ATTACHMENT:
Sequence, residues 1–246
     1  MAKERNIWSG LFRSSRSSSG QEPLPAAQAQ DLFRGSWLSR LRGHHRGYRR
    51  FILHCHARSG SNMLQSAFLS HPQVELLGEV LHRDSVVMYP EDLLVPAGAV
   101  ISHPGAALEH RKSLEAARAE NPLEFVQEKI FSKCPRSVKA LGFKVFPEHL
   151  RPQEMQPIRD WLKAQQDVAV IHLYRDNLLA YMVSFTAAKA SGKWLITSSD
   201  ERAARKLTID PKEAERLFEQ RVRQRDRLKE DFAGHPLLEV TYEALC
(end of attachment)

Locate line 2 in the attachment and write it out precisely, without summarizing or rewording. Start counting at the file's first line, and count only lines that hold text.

     1  MAKERNIWSG LFRSSRSSSG QEPLPAAQAQ DLFRGSWLSR LRGHHRGYRR